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Graduating in the Margins: An Analysis of Graduations Rates of Minoritized Women in Computing

Abstract

A review of the literature in broadening participation research in computing and in STEM more broadly reveals that, while substantial research is being conducted focused on students of color and women in computing, there has been little regard for the unique intersection of gender and race experienced by minoritized women (i.e., Black, Latina, Indigenous, Asian). What is needed is a more complex understanding of the experiences of marginalized groups in computing who live at various intersections of racism, sexism, classism, xenophobia, heterosexism, ableism, etc., an area of research called Intersectional Computing. To begin developing a deeper understanding of the factors impacting women of color in computing, the authors decided to first identify which universities are performing well. To this end, an analysis of graduation rates for students at four-year institutions between 2011 and 2018. These data were gathered from the National Center for Education Statistics Integrated Postsecondary Education Data System. A logistic regression analysis was conducted to understand the potential influence of various institutional factors. As a whole, the data suggest that minority-serving institutions (MSIs) outperform non-MSIs in awarding computing degrees to women of color; for women of color as a whole, all MSI designations (except Tribal Colleges and Universities, for which only two institutions have this designation) are associated with higher odds of producing a computing degree. For specific racial/ethnic breakdowns, some MSI designations may have higher odds of awarding a computing degree than others. Moreover, some MSI designations may be associated with lower odds of producing a computing degree to specific groups of women. This paper provides a brief discussion of the particular challenges faced by women of color in computing, details the characteristics of universities with top graduation rates, and discusses what might be learned from these institutions.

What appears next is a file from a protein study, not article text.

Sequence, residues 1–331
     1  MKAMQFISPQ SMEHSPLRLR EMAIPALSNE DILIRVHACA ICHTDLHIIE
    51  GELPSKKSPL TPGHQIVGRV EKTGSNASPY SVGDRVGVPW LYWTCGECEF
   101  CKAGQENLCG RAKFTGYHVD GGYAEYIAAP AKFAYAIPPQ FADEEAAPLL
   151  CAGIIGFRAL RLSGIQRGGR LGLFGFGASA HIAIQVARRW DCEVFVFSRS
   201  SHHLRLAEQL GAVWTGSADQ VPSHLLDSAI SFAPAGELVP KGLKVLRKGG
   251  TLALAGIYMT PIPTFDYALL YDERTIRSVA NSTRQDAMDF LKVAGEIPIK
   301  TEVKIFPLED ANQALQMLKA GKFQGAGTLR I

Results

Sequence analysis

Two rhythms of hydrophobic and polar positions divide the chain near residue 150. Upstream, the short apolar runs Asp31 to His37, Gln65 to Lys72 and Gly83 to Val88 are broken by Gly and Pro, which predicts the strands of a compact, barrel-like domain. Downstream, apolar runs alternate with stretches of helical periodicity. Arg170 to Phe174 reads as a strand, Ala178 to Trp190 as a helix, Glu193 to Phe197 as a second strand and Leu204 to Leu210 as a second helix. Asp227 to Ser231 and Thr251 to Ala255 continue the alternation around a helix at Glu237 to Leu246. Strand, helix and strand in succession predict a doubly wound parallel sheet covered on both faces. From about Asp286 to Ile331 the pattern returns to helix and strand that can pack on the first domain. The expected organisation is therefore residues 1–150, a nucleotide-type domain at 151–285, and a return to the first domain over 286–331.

Citation

Daily, S., & Shelton, C., & He, A., & Eugene, W., & Orozco, T., & Thomas, J. (2022, August), Graduating in the Margins: An Analysis of Graduations Rates of Minoritized Women in Computing Paper presented at 2022 ASEE Annual Conference & Exposition, Minneapolis, MN. https://peer.asee.org/41616


Categories

Computer Science, Computing, Diversity, Equity, Gender, Identity, Inclusion, Publications, Research